1902 - 1967 Langston Hughes Speaking of Rivers Kent State University Presented by Thomas Carli November 11, 2008
Biography • Born James Mercer Langston Hughes on February 1, 1902 in Joplin, Missouri. • Because of his parents’ separation he lived mainly with his maternal Grandmother in Lawrence, Kansas. • Lived intermittently with his Mother in Detroit and Cleveland as well as with his Father in Mexico. • After finishing high school in Cleveland, Ohio Hughes started writing poetry and left country to live with his Father.
Biography • Hughes’ Mother supported his poetry while his business minded Father remained in a “deep, scarring conflict” with the poet. • Entered Columbia University in 1920 but left after only one year. • Worked as a merchant seaman and sailed to Africa. • Worked at a nightclub in Paris. • Hughes was even a busboy in Washington D.C.
Hughes’ Early Career • While working various jobs in the early 1920s, Hughes was writing and publishing his works in two major African American periodicals: Opportunity and Crisis. • Eleven of Hughes’ poems were published in Dr. Alain Locke’s The New Negro (1925). • In 1926 Hughes, with the patronage of Carl Van Vechten, published The Weary Blues: Langston’s first volume of poems. • Hughes’ essay “The Negro Aritist and the Racial Mountain” appeared in the Nation (1926). • Also published in Countee Cullen’s anthology Caroling Dusk (1927).
Hughes’ Early Career • Amy Springarn financed his college education at Lincoln University in Pennsylvania. • Charlotte Mason subsidized him between 1928 and 1930 in New York City. • Following the publication of Not without Laughter in 1930, the sales and reputation Hughes gained enabled him to support himself. • By the 1930s Hughes was being called “the bard of Harlem.” • Became heavily involved with radical politics and became a strong promoter of the American Communist Party. (*Let America Be America Again)
Hughes’ Career • Visited the U.S.S.R. in 1932 and produced a lot of radical writing up to the eve of World War II. • The Great Depression brought an end to much of the African American literary activity. • In 1937, Hughes worked as a news correspondent for the Baltimore Afro- American and covered the Spanish Civil War in Madrid. • By the late 1930s, Hughes began writing dramas and screenplays as well as started writing an autobiography.
Hughes’ Career • In 1943, he invented Jesse B. Semple, a folksy streetwise character whose prose monologues on race were eventually collected into four volumes of literature. • He also created Alberta K. Johnson, Semple’s female equivalent, in his series of “Madam” poems. • Hughes published a variety of anthologies for children and adults: • First Book of Negroes (1952) • The First Book of Jazz (1955) • The Book of Negro Folklore (1958) • In 1953, Hughes was called to testify before Senator Joseph McCarthy’s committee for his activities during the 1930s; the FBI listed him as a security risk until 1959.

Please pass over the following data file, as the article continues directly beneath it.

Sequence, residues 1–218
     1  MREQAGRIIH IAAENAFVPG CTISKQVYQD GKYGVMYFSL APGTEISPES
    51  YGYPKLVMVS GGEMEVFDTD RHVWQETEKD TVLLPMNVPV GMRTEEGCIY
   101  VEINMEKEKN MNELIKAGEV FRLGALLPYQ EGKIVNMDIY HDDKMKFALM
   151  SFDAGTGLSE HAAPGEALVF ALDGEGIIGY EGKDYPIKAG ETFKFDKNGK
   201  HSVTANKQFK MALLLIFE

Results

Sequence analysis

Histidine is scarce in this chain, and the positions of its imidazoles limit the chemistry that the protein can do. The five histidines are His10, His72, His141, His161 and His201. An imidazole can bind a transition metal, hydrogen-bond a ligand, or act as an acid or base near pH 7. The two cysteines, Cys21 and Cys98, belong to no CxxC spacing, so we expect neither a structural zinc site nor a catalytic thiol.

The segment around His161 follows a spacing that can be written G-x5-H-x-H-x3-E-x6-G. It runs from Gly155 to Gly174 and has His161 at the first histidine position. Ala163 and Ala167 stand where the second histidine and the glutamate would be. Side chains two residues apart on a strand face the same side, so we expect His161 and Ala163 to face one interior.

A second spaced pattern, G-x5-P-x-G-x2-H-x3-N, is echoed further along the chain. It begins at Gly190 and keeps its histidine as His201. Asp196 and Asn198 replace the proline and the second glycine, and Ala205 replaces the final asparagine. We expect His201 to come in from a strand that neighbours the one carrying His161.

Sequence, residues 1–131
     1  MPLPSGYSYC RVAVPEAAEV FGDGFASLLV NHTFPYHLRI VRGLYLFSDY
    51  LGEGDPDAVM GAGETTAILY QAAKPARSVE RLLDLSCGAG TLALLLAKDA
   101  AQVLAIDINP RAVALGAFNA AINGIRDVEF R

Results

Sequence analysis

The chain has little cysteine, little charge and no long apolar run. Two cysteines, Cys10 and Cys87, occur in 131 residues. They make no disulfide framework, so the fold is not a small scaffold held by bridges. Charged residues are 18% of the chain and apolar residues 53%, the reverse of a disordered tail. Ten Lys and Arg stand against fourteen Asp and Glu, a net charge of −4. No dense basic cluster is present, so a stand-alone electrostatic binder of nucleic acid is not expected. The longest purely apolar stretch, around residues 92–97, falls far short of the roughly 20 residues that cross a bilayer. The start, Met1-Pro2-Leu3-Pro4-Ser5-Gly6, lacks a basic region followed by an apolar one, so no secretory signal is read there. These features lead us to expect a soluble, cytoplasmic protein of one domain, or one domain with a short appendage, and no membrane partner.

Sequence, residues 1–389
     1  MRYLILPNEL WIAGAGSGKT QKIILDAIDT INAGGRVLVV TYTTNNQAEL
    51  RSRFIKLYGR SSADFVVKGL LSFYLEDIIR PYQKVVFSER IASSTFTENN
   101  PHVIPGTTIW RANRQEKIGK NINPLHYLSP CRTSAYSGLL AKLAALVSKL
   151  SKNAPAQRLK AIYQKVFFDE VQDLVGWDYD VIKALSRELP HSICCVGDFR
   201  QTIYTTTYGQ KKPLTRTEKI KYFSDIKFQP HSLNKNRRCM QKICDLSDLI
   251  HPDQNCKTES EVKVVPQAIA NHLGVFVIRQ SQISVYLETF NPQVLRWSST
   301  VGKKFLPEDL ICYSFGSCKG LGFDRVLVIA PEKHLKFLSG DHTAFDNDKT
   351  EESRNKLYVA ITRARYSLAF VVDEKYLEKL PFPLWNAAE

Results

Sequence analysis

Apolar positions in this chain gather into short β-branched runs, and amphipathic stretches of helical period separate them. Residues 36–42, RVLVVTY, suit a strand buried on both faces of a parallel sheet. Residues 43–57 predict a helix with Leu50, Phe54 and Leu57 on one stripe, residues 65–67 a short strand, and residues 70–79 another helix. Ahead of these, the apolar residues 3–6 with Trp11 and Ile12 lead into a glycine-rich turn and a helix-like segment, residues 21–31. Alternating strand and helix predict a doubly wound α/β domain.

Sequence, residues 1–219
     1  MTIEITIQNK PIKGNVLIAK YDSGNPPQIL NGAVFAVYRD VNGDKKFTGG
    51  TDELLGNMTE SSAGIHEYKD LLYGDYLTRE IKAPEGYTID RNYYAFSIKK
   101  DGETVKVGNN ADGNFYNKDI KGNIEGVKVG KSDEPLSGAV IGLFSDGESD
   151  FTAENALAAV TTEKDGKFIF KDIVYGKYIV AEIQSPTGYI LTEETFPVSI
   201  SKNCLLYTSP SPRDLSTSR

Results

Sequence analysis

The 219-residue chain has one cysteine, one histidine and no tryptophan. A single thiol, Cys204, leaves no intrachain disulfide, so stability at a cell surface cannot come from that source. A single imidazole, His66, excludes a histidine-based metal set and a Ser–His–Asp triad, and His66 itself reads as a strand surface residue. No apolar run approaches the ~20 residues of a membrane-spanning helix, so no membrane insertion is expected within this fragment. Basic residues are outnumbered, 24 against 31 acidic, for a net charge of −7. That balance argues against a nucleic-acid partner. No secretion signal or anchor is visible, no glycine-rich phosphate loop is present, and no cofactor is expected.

A Style All His Own • Hughes modeled his stanza forms on the improvisatory rhythms of jazz music and adapted the vocabulary of everyday black speech to poetry. • Focus of his work was on modern, urban black life. • Acknowledged the influence of white American poets such as Walt Whitman and Carl Sandburg. • “Hughes did not confuse his pride in African American culture with complacency toward the material deprivations of black life in the United States.”
The Negro Speaks of Rivers The Negro Speaks of Rivers Click here to listen to Langston Hughes' The Negro Speaks of Rivers
Langston Hughes “Cross” My old man's a white old man and my old mother's black. If ever I cursed my white old man I take my curses back. If ever I cursed my black old motherand wished she were in hell, I'm sorry for that evil wishand now I wish her well. My old man died in a fine big house. My ma died in a shack. I wonder where I'm gonna die, being neither white nor black Hughes biographer Milton Meltzer remarked that when Hughes was living with his grandmother, the book he treasured most was W. E. B. DuBois's The Souls of Black Folk. Curiously, Langston did not mention this fact in either of his autobiographies. Yet Meltzer wrote that Mary Langston frequently read to her grandson the first lines from chapter 2 of that book: "The problem of the twentieth century is the problem of the colorline,-the relation of the darker to the lighter races of men in Asia and Africa, in America and the islands of the sea." Meltzer further stated, "Again and again Mary Langston read those words."(116) And then-to the boy who was separated from both parents, who was living in bitter poverty, who feared that the "white mortgage man" might take away his only home, who at least once ran away from his strict grandmother, and who was regarded by white school systems and society alike as a social liability-then Mary Langston would ask him, "How does it feel to be a problem?"(117) 1902 - 1967 “I didn't think about being a writer ever. I thought I might like to be a doctor, you know, or else a streetcar conductor, is what I most wanted to be, because at that time you had a belt line, I think, that went all around town. . . . That was a sort of a major pleasure ride for me for a nickel in those days. You know, I thought I'd like to drive a streetcar or be a conductor on a streetcar the rest of my life.” -Langston Hughes 1965 Speaking of Rivers Years later, Hughes would reply: American Heartbreak I am the American heartbreak-Rock on which FreedomStumps its toe-The great mistakeThat JamestownMade long ago. November 11, 2008 Presented By: Thomas Carli